Does Democracy incentivise demand side economics?

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Welcome to Finance and Fury, the Furious Friday edition

I have identified a thread through history in the emergence of demand side democratic societies. Where there is a centralized authority, there is a need for ever increasing demand of the mobs and its path towards the downfall.

Rome is a good example:
  • Centralized authority and the need for increasing demand of the mobs lead to the downfall of Rome
  • It was a kingdom, then a democratic republic, and then a dictatorship
  • During Sulla’s rule, there was a civil war, which made him strip Julia Caesar’s family of their influences
  • Caesar was the High Priest of Jupiter and went into hiding to save his life
  • Caesar joined the army and rose through the ranks, he also knew how to gain public support back in Rome
  • Caesar was kidnapped and ransomed for 20 talents
  • He then came back and had the pirates crucified
  • By 60BC Caesar was elected consul however used this position to gain further power
  • To build favour, he redistributed a lot of land to the poor and the soldiers of his wars
  • The downfall of Rome and the Slave economy – remember that slavery was everywhere in the ancient world
  • The import of free labour destabilised the economy
  • Through the conquest of wars and territory, there were a lot of slaves
  • This introduction of free labour replaced those in paid labour positions
  • Caesar needed to keep slavery around but also keep himself popular with the Roman people, hence the land redistribution tactic. This was funded by his very wealthy friends
  • The Senate then sent Caesar to the border of Gaul for a governorship – so he couldn’t get up to much
  • Caesar has 4 legions under his command and ventured into the unconquered Gallic territory
  • Some Gallic allies were defeated in a battle, so Caesar stepped up and hunted down the tribe
  • As a response, some tribes unifying and arming up – Caesar took that as a sign of aggression and invaded without senate authority
  • At one point, Caesar sold 53,000 people captured into slavery
  • The number of senators that didn’t like him was growing, they thought he was a war criminal, but the Roman army loved him and so did the people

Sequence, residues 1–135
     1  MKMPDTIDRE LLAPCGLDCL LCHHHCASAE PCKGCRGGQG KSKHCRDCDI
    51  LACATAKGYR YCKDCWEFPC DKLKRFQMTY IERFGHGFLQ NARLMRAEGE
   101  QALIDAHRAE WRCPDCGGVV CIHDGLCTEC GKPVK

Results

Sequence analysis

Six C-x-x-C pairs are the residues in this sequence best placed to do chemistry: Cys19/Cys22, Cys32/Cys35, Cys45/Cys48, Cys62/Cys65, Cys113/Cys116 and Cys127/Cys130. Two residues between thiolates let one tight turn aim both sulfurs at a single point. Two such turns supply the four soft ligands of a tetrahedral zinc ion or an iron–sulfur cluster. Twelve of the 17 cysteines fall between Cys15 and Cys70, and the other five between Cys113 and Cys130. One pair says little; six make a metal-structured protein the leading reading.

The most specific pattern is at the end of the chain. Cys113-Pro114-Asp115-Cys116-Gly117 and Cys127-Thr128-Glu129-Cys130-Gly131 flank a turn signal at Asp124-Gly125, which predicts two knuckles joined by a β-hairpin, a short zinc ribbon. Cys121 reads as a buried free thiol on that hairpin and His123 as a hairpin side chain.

• The Senate wanted his resignation as governor, however, Caesar knew he would be prosecuted without his immunity as governor
  • Caesar then pursued Pompey and ignited a civil war, eventually capturing Pompey
  • Caesar is then appointed as a dictator for approximately 1 year
  • He saw a need to bring the power back into a central authority
  • The revolt of Italian tribes who wanted Roman citizenship, Caesar defeated them and gave the allies access to citizenship to avoid further wars
  • Caesar had now gained supreme power through the mobilisation of the masses
  • A new constitution was established to accomplish 3 goals
  • To gain the right of citizenship you had to ‘live as the Romans did’
  • Caesar needed more money, so he opened the treasury
  • Magistrates were no longer representatives of the people, they were representatives of the dictator
  • The senators were involved in their communities and often held accountable for their actions by the people they represent and other senators
The Economic side:
  • Rome switched from Supply to Demand slowly over 40 years, everything changed from 1AD onwards
  • Citizens were only really taxed during times of war
  • The wealthy ones got citizenship because they were the ones doing the fighting and could afford the weapons, armour, and horses
  • Each province has to pay a certain amount, someone would pay taxes up front and then go to the people to collect it back
  • When Rome went to an Empire, the leaders need more money for increased spending and more men for the army
  • The tax system was transformed into a system of individual income tax
  • This increased spending led to an economic downturn of Rome
  • The emperors made it illegal to leave Rome, and forced people to work
  • Established family occupations
  • This was the birth of feudalism and a monarchy again
  • The ever spending of the state and increase of taxes led to the decline of Rome
Moral of the story?
  • Fueling demand through authoritarian controls never works
  • Indentured servitude is started
  • In the pursuit to stop more civil wars, Caesar ended up creating more
  • They lost what made them great
  • When you have a system that rewards popularity by demand, you fail
  • Supply side isn’t some uncaring process, it gives the people choice
  • The market decides, based around our wants and demands. Until regulation and controls influences come about, then there are unfair competition increases
  • The emperors of Rome couldn’t afford not to spend money, their power was amassed by making the people happy

Thank you for listening today. If you would like to get in contact, you can do so here.

Resources:

https://www.researchgate.net/figure/The-rise-and-fall-of-the-Roman-Empire-in-observed-numbers-The-depletion-of-silver-in_fig59_283440121

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